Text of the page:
The Washington Metropolitan Area Transit Authority is in tough straits. It is facing a projected $72 million budget shortfall for fiscal year 2012—and that’s without the House Republicans’ proposal to strip an additional $150 million in federal funding from WMATA over the next eight months. It’s hard to envy the Metro Board of Directors, the group in charge of closing that gap, but one of the proposals they have floated—eliminating late-night rail service on Fridays and Saturdays—would have a major adverse effect on the local economy and public safety and needs to be scrapped.
With a projected annual savings of $5 million, it’s easy to see why ending weekend rail service at midnight as opposed to 3 a.m. is appealing to the board. In fact, this isn’t the first time such a plan has been suggested—cuts to late-night weekend service were also proposed during Metro’s past two budget cycles. In the past, D.C. Councilmember Jim Graham (D-Ward 1) vociferously opposed such cuts, but Graham was recently replaced on the Metro Board by Tommy Wells (D-Ward 6), a D.C. councilmember with solid urbanist bona fides but a less vocal stance on late-night rail service.
In addition to the financial incentives, cutting late night service is attractive from a maintenance perspective. Metro’s Deputy General Manager Dave Kubicek says cutting the weekend shift from midnight to 3 a.m. could provide Metro with an additional 45 days worth of repair and maintenance time each year. In light of the fatal 2009 Red Line crash and the myriad other safety issues plaguing Metro, these additional maintenance opportunities are attractive—but it’s unclear whether they are necessary. In an analysis of 13 major American metrorail systems, the blog Track Twenty-Nine found that only Baltimore’s system required more daily downtime than WMATA. There is plenty of maintenance work to be done to improve Metro safety, but there’s no compelling reason why the system needs to shut down early every Friday and Saturday to do that work.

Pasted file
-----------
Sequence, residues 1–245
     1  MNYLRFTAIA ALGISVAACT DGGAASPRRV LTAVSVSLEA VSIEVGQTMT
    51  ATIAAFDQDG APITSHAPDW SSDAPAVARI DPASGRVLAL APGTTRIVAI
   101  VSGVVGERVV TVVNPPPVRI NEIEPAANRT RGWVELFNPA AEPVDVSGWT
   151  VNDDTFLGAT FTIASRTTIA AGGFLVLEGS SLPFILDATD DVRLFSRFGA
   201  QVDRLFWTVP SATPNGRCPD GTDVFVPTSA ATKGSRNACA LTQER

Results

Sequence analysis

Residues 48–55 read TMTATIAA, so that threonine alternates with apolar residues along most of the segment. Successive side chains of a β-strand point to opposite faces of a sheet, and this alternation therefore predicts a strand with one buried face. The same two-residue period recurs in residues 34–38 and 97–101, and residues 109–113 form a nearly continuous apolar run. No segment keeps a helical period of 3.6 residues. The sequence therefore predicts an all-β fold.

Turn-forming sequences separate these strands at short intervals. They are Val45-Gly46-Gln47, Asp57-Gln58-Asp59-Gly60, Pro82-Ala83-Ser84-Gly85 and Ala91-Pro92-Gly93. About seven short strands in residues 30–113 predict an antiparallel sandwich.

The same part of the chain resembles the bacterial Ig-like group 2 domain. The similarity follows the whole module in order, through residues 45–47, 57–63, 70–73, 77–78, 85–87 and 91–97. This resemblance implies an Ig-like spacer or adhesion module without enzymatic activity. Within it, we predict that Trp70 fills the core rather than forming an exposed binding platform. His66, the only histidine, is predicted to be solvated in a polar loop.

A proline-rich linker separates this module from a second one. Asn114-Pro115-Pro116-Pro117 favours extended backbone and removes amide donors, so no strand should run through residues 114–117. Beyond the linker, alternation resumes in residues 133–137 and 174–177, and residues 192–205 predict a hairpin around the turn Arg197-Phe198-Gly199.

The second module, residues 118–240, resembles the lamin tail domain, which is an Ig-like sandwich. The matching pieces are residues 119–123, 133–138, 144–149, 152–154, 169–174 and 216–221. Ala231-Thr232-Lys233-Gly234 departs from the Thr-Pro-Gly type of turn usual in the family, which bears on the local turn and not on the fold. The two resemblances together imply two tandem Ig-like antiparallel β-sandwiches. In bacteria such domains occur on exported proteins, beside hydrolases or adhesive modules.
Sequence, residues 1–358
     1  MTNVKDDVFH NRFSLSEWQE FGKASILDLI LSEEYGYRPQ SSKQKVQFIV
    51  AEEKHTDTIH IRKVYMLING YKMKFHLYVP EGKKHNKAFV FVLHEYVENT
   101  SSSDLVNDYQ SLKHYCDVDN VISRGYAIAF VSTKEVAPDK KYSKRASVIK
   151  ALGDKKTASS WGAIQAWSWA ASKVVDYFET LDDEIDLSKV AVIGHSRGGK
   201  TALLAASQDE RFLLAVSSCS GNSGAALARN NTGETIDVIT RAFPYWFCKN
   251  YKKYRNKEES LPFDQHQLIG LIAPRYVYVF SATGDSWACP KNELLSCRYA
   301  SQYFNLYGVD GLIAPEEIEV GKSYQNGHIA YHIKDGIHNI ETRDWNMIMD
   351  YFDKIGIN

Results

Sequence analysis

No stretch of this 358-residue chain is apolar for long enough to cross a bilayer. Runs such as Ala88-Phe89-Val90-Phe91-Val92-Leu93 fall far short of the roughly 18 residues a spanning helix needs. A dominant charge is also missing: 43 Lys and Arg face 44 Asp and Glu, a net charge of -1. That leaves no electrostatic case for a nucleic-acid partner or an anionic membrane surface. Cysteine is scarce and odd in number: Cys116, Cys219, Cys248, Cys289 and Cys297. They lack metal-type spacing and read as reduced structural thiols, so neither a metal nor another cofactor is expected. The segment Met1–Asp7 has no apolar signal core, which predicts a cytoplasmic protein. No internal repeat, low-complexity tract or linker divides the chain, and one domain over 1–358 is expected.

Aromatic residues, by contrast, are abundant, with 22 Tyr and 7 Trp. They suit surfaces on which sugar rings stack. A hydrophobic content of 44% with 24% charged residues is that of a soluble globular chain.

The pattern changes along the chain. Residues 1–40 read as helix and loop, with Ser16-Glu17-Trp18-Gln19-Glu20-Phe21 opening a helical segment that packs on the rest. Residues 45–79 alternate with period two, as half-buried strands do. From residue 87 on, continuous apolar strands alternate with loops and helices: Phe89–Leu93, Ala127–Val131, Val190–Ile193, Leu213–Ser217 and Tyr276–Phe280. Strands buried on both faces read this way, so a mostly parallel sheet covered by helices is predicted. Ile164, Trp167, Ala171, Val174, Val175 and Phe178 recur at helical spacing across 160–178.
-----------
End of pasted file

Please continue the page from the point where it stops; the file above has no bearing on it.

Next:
While cutting late-night service would offer short-term fiscal benefits for WMATA, it would also have a negative financial impact on local businesses and, by extension, the overall economic health of the region. Although there’s no neat figure to counterbalance the $5 million price tag, making it harder to travel to and from D.C. on weekend nights would definitely put a significant damper on the city’s nightlife industry—so much so that the Restaurant Association Metropolitan Washington told the Washington Examiner that the change would “seriously harm, if not kill, established and emerging entertainment districts.” The city has done a great job over the past decade of reviving underdeveloped neighborhoods, such as U Street and Columbia Heights, and has reaped the benefits by collecting taxes from more lucrative businesses—it would be a pity to see that progress squandered because of shortsighted decisions by WMATA.
Beyond that negative economic impact, early closures are also a bad idea from a public safety standpoint. While late-night weekend service is essential for many service workers, it is also extremely important for local residents who spent the night out on the town, are potentially intoxicated, and want to go home in an affordable and safe way. Late-night weekend rail service allows these people to patronize D.C.’s nightlife destinations without having to choose between the unattractive options of driving drunk, taking an exorbitantly expensive taxi ride, or depending on highly unreliable nighttime buses.
These people contribute to the region’s economy and should be applauded for choosing a safe and environmentally friendly transportation option. But instead, as one of the least vocal and least appreciated Metro-riding constituencies, they’re picked on. Metro General Manager Richard Sarles declared on the Feb. 17 Kojo Nnamdi Show that he “would hope that anyone even getting on our train should not be drunk.” While it’s reasonable to ask that riders not be disorderly or disrespectful of WMATA property, ignoring the fact that many area residents use the Metro while intoxicated is naïve and unrealistic.
By maligning those who benefit from weekend late-night service, Sarles distracts from the more important point that the proposed cuts would constitute a major step back for the region’s overall development into a vibrant urban center. Since instituting late-night weekend service in 1999, the Metro system has become less exclusively geared toward commuters and more of a holistic transportation network. Because of this shift, the city has been able to encourage very successful development near Metro stations. It’s understandable if the system needs to tweak late-night service by charging slightly higher fares or reducing train frequency to offset the cost. But taking a sledgehammer to the progress that has been made toward creating a safe, fun and profitable urban environment is the wrong way to go.
Help Juliana figure out how to spend Metro-less nights at email@example.com